|How the Bruins have become Team Unity, and why it matters||02.04.11 at 8:57 am ET|
Just four minutes into Thursday’s slugfest at the Garden, Stars forward Adam Burish came in on Bruins goalie Tuukka Rask and fired a shot several seconds after the whistle had clearly blown, stopping play.
That is a big hockey no-no.
And Andrew Ference made sure Burish paid the penalty. The Bruins defenseman came over to enforce the hockey the law, eventually drawing Burish into a fight — which Ference clearly won — and a message had been sent. Don’t mess with these Bruins or you pay the price, especially on Boston’s home ice.
“We’re a tight group,” said Patrice Bergeron, who scored twice and assisted on an empty-netter. “We’ve always said that and we all know that. We’re … we get along real well off the ice and we try to bring that on the ice. I think that Ference fight is the best example just by showing that he took a shot after the whistle on Tuukka and Andy responded right away. So I think it’s … it showed our unity, and we’ve got to keep going.”
As for Ference himself, he said Thursday’s win showed how the Bruins can get back to being the right mix of talent and toughness, just like 2008-09, when they were the top seed in the East and a favorite to get to the Stanley Cup finals.
“One of the good things we did in that year, and something we’ve established over the last few is, when our team is emotionally and physically involved, we’re a very good team,” Ference said. “We’ve proven that the other way around, too. When it’s not there, we lose games. You know, go back to the Carolina series a couple years ago. I think that’s what almost all of us pointed our fingers at, it was missing. We know that that has to be there for us to be successful, and it was good [against Dallas].”
Bruins coach Claude Julien certainly had no problem with it.
“It was an opportunity for us to step up for each other, and we did and I thought it certainly played in our favor,” Julien said of the four fights in four minutes — three in the opening four seconds. “We’re a team that can handle that and guys seem to be ready for it and certainly that part of it was good. Those two quick goals also were proof that we were ready to play.”
Attempting to put perspective on one of the most physical starts to a hockey game in recent NHL history, Julien said his team responded well to the physical challenge of the Stars and then went about the business of winning the hockey game.
Thursday’s 6-3 Bruins win began with three fights in the opening four seconds, including the opening bout between Gregory Campbell and Stars forward Steve Ott, who leveled Campbell with a head shot two seasons ago when Campbell was with Florida. Campbell, though, tried to downplay the payback angle.
“I mean, it was two years ago,” Campbell said. “A lot of things happen in hockey and if you hold on to something that happens two years ago, I don’t think it does you much good. So, unfortunately as much as you love to hate Steve Ott, he’s a pretty valuable player for them and he plays hard, but it wasn’t something that I held a grudge over, though.”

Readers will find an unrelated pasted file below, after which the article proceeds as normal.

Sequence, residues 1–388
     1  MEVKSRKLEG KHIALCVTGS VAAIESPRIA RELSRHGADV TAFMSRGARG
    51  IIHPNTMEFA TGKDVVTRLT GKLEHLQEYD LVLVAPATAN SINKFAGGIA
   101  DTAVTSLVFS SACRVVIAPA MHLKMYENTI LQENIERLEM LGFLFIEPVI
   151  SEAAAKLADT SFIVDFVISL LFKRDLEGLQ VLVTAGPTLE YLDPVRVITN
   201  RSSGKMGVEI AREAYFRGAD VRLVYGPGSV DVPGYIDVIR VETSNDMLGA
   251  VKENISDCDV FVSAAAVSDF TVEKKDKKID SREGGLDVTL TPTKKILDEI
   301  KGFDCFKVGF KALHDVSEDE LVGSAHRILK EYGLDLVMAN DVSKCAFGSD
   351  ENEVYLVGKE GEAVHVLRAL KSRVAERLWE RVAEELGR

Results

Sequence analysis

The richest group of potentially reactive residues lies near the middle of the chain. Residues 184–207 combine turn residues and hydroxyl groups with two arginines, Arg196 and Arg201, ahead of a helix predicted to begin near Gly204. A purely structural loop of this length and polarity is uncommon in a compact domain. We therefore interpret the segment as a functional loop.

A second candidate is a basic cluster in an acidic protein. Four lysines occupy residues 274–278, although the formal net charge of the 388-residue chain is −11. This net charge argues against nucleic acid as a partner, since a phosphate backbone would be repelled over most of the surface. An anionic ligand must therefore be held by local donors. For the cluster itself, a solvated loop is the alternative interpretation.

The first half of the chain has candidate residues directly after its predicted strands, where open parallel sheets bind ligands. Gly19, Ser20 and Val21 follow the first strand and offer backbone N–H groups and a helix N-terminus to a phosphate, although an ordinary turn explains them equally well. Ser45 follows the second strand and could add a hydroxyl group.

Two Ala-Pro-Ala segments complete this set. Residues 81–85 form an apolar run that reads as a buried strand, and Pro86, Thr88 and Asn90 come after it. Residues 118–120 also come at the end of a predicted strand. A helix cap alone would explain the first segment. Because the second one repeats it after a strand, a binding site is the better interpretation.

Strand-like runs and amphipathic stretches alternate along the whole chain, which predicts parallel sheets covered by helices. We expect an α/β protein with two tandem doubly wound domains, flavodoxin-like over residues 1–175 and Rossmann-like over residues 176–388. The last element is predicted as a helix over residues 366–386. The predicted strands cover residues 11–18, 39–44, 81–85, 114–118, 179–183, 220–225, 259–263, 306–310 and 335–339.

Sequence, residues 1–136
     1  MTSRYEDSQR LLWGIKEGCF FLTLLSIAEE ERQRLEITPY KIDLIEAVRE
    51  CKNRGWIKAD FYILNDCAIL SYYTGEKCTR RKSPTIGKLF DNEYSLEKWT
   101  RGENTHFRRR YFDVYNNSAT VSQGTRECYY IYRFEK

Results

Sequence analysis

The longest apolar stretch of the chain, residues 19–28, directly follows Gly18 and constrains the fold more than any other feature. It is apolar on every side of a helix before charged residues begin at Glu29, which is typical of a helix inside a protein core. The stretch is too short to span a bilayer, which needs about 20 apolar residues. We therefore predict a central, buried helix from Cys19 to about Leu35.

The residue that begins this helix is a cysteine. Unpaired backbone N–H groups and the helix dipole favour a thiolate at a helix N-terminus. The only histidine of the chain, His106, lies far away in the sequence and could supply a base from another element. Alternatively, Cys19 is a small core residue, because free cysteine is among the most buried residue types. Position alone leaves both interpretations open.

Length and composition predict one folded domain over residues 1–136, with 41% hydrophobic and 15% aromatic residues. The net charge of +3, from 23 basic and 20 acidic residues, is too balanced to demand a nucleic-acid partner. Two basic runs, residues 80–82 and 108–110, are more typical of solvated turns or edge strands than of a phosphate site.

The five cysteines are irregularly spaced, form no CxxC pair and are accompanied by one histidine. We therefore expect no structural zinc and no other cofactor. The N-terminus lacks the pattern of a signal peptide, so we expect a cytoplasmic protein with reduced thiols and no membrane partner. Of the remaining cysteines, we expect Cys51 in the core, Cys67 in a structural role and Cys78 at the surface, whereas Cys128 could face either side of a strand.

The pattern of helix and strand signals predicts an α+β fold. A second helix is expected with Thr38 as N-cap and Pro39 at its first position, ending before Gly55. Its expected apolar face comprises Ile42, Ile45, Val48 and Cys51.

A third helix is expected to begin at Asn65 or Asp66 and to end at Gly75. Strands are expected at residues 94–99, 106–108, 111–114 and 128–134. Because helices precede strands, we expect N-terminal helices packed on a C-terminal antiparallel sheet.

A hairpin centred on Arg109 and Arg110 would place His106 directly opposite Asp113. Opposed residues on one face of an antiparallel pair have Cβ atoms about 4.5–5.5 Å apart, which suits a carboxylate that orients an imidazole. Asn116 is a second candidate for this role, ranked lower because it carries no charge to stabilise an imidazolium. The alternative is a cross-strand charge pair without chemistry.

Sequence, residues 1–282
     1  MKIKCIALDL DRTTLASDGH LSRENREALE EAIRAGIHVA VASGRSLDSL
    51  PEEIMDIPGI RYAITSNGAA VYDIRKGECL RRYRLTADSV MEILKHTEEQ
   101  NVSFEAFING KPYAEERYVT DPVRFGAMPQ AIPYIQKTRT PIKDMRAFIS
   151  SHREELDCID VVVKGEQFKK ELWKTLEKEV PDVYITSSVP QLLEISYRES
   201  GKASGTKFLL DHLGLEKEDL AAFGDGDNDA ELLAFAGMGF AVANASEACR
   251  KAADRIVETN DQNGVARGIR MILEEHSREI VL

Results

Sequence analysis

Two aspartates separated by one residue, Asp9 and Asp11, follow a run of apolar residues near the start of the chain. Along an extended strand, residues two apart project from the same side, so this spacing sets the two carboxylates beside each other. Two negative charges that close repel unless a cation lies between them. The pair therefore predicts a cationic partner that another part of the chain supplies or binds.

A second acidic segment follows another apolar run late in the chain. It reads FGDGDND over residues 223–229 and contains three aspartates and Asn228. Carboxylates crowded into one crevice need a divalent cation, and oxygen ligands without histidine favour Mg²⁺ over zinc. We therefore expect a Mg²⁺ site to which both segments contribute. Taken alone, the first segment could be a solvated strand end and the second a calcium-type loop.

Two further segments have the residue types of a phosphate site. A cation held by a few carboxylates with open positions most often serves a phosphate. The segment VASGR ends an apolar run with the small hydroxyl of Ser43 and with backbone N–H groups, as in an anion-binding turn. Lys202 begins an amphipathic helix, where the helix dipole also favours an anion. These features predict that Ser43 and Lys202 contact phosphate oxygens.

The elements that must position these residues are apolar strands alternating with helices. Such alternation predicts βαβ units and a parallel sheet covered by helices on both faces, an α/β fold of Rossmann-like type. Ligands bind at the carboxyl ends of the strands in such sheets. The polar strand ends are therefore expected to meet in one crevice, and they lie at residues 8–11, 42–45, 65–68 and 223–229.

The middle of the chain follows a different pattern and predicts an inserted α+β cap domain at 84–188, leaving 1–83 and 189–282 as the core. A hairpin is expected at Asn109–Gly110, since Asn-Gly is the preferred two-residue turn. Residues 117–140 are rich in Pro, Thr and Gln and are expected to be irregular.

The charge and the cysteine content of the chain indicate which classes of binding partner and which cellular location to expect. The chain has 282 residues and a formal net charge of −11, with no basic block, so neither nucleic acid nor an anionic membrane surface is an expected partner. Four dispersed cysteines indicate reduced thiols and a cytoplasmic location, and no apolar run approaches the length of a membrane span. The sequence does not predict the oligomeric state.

Said Julien: “Hockey purists know what this is all about. Certainly not a goon show, and I don’t think that was purpose of it. It’s two teams that are extremely physical and seem to have a dislike for each other whenever they play against each other. In 82 games — and we’re in No. 52 — I think this is the first time we’ve seen this kind of reaction. I’m pretty sure Bruins fans didn’t mind it. We’ll leave it at that.”
The Stars, like the Bruins, lead their division and wanted to prove a point to themselves about being tough enough for a Cup run. And Ott, for his part, wanted everyone to know that the Bruins weren’t the only tough guys standing up for one another Thursday.
“We are a tough team and a tough group in the sense that we all stick up for each other and we all go hard,” Ott said. “I mean I am sure it seems … I’ve noticed we are a frustrating team to play against. Both sides are going to be ready the rest of the way. We are coming in on crunch time playoff time here. I mean, everybody is scratching and clawing and it is going to be tough hockey for the rest of the way.”
The Campbell fight was followed up with a bout between Shawn Thornton and Krys Barch one second later and a fight between Adam McQuaid and Dallas’ Brian Sutherby two seconds later.
In other words, Thornton and the Bruins were saying early on: “Not in our house.”
“I think Soupy’s was carryover, mine not so much,” Thornton said. “I just didn’t really like them coming in and trying to set presence, I guess. We all answered the bell and played well. The guys who scored the goals made us look smart by scoring the those goals, too.”
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